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Journal Article

Experimental Investigation of Intake Condition and Group-Hole Nozzle Effects on Fuel Economy and Combustion Noise for Stoichiometric Diesel Combustion in an HSDI Diesel Engine

The goal of this research is to investigate the physical parameters of stoichiometric operation of a diesel engine under a light load operating condition (6∼7 bar IMEP). This paper focuses on improving the fuel efficiency of stoichiometric operation, for which a fuel consumption penalty relative to standard diesel combustion was found to be 7% from a previous study. The objective is to keep NOx and soot emissions at reasonable levels such that a 3-way catalyst and DPF can be used in an aftertreatment combination to meet 2010 emissions regulation. The effects of intake conditions and the use of group-hole injector nozzles (GHN) on fuel consumption of stoichiometric diesel operation were investigated. Throttled intake conditions exhibited about a 30% fuel penalty compared to the best fuel economy case of high boost/EGR intake conditions. The higher CO emissions of throttled intake cases lead to the poor fuel economy.
Technical Paper

Stoichiometric Combustion in a HSDI Diesel Engine to Allow Use of a Three-way Exhaust Catalyst

The objectives of this study were 1) to evaluate the characteristics of rich diesel combustion near the stoichiometric operating condition, 2) to explore the possibility of stoichiometric operation of a diesel engine in order to allow use of a three-way exhaust after-treatment catalyst, and 3) to achieve practical operation ranges with acceptable fuel economy impacts. Boost pressure, EGR rate, intake air temperature, fuel mass injected, and injection timing variations were investigated to evaluate diesel stoichiometric combustion characteristics in a single-cylinder high-speed direct injection (HSDI) diesel engine. Stoichiometric operation in the Premixed Charge Compression Ignition (PCCI) combustion regime and standard diesel combustion were examined to investigate the characteristics of rich combustion. The results indicate that diesel stoichiometric operation can be achieved with minor fuel economy and soot impact.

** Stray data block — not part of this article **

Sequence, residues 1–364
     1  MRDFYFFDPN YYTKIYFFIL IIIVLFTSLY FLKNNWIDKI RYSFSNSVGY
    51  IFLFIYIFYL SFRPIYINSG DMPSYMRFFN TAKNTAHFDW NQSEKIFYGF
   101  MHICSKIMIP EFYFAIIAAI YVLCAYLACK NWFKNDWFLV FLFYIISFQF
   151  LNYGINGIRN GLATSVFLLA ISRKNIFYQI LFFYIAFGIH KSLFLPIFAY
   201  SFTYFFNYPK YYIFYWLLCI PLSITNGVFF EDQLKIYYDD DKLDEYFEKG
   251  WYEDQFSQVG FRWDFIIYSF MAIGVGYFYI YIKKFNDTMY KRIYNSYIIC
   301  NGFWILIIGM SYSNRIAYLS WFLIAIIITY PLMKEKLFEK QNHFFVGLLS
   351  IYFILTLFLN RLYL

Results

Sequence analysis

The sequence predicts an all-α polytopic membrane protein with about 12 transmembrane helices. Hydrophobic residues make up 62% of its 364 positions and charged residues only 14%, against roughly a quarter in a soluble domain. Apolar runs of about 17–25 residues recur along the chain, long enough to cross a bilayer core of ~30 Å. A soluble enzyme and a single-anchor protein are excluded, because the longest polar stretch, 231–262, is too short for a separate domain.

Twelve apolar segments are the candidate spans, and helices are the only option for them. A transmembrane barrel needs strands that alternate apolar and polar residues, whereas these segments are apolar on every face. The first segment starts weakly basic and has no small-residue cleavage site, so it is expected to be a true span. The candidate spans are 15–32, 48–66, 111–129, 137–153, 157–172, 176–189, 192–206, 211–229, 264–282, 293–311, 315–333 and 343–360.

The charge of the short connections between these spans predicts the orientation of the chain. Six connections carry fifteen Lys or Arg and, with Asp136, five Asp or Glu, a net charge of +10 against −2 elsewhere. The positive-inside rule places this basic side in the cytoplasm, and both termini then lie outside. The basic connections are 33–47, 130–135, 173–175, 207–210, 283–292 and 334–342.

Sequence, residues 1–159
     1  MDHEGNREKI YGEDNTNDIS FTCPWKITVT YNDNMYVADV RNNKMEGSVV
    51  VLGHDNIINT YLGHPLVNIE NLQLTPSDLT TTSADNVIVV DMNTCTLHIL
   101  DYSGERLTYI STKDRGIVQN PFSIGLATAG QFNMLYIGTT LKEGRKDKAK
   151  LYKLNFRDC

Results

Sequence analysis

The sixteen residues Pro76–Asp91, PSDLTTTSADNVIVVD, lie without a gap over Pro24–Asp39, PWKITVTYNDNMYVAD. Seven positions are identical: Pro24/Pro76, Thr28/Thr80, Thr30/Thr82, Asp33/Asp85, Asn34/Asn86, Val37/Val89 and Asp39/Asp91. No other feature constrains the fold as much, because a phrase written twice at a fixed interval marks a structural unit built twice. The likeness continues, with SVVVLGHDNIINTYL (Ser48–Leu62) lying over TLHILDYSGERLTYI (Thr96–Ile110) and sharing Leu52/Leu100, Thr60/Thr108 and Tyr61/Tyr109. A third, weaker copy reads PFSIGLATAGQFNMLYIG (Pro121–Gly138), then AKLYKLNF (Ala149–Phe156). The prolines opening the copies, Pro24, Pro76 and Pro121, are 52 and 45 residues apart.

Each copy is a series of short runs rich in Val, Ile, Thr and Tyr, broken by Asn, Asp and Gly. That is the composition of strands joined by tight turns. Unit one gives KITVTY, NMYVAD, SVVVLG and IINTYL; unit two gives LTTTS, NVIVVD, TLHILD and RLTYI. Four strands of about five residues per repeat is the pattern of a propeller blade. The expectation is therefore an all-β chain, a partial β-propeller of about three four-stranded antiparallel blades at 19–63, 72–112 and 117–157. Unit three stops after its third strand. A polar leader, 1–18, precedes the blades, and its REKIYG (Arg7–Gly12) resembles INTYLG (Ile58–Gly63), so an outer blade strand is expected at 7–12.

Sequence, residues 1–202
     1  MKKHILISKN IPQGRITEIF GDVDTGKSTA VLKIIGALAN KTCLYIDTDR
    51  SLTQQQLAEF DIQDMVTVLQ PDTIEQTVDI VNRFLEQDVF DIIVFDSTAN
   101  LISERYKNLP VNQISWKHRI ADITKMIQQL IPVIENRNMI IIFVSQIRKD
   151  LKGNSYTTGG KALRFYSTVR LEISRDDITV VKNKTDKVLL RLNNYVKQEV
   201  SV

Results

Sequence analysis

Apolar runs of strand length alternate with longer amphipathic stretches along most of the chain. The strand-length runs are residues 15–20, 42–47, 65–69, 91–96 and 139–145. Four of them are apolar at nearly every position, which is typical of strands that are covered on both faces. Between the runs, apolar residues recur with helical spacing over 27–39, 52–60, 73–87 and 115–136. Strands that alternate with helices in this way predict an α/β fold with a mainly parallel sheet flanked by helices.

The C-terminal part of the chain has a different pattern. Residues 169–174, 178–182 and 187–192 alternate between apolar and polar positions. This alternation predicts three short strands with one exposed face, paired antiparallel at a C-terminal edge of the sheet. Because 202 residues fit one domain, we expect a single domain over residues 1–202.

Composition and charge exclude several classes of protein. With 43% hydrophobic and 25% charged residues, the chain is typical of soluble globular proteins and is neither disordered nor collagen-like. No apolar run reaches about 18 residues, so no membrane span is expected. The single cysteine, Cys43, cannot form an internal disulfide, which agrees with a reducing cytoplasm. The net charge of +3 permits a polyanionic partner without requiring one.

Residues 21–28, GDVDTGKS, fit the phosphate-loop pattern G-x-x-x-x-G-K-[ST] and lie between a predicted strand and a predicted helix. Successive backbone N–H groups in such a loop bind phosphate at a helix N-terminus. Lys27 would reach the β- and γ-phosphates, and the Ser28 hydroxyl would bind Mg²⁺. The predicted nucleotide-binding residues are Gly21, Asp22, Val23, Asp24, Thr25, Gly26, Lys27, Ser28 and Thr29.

Technical Paper

Development of an Ignition and Combustion Model for Spark-Ignition Engines

A new ignition and combustion model has been developed and tested for use in premixed spark-ignition engines. The ignition model is referred to as the Discrete Particle Ignition Kernel (DPIK) model, and it uses Lagrangian markers to track the flame-front growth. The model includes the effects of electrode heat transfer on the early flame kernel growth process, and it is used in conjunction with a characteristic-time-scale combustion model once the ignition kernel has grown to a size where the effects of turbulence on the flame must be considered. A new term which accounts for the effect of air-fuel ratio, was added to the combustion model for modeling combustion in very lean and very rich mixtures. The flame kernel size predicted by the DPIK model was compared with measurements of Maly and Vogel. Furthermore, predictions of the electrode heat transfer were compared with data of Kravchik and Heywood. In both comparisons the model predictions were in good agreement with the experiments.
Technical Paper

Visualization and Modeling of Pilot Injection and Combustion in Diesel Engines

An endoscope-based image acquisition-and-processing camera system was used for diagnostics of pilot injection combustion in a single-cylinder heavy duty diesel engine. A study of the pilot injection or light load is of interest because the spray breakup, mixing and vaporization processes are less influenced by heat feedback from the flame than in full injection cases. This allows the spray process to be decoupled from the combustion process. The experimental cases were modeled using a version of the KIVA-II code that includes improvements in the turbulence, wall heat transfer, spray, ignition and combustion models. Pilot injections of three different amounts (10, 15 and 20% of the fuel injected at 75% load and 1600 RPM) at different start-of-injection timings were studied. The imaging system included an endoscope, an intensified CID camera, a frame grabber and the control circuitry.